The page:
What to know about the EPA's plan to regulate 'forever chemicals' in drinking water

A glass of tap water sits on a counter  in Montreal, Quebec, on July 26, 2019. Hundreds of thousands of Canadians from coast to coast have been unwittingly exposed to levels of lead in their drinking water, with contamination in several cities consistently higher than they ever were in Flint, Mich., according to an investigation that tested drinking water in hundreds of homes and reviewed thousands more previously undisclosed results.
A glass of tap water sits on a counter.
Mackenzie Lad | Institute for Investigative Journalism | Concordia University via AP

The Environmental Protection Agency is moving to regulate so-called "forever chemicals." Known as PFAS, these chemicals are found in a variety of household products and have been linked to health problems, including some cancers. The chemicals have contaminated water supplies throughout the U.S., including here in Minnesota.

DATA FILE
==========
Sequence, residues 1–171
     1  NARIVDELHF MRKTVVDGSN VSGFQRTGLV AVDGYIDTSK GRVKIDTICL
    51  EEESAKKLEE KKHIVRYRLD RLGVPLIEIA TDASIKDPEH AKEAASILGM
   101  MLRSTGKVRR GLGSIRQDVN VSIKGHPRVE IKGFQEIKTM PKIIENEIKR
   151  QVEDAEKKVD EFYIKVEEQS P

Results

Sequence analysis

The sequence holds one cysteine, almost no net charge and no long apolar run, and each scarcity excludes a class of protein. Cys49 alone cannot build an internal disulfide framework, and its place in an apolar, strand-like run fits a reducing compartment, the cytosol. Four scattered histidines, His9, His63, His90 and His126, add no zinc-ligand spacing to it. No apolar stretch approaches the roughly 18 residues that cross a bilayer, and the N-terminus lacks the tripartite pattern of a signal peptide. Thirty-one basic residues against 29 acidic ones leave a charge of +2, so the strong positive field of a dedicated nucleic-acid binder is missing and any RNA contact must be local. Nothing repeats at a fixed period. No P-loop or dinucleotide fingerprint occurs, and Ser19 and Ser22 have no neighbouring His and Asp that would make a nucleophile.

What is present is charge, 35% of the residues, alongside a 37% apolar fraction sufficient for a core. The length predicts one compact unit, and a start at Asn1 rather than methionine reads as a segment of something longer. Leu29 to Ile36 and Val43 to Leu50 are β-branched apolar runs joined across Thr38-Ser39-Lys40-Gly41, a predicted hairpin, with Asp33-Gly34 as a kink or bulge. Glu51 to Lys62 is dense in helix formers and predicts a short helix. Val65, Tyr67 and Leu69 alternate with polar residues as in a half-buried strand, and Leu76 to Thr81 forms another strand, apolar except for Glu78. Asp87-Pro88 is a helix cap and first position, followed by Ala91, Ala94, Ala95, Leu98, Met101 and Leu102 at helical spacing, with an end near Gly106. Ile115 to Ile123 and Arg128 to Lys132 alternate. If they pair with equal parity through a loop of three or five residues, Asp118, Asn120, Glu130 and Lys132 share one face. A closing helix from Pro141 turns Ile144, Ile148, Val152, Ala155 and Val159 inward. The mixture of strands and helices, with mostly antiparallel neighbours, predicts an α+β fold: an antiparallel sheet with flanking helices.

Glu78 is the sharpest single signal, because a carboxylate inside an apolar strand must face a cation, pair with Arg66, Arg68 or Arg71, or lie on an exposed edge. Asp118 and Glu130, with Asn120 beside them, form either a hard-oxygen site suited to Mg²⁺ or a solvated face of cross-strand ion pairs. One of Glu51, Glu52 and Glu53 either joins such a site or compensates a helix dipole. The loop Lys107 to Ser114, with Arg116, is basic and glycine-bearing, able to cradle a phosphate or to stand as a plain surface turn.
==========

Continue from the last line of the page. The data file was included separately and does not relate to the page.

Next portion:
MPR News reporter Kirsti Marohn joined Minnesota Now with Cathy Wurzer to help us unpack the EPA’s new plan.

Plus, Tom Johnson, Minnesota Toxics Program Organizer at Clear Water Action, joined the show to tell us about clean water advocates working toward more regulation of PFAS.

For Marohn’s full story, click here: What the EPA's plan to regulate 'forever chemicals' means for Minnesota.

Use the audio player above to listen to the full conversation.

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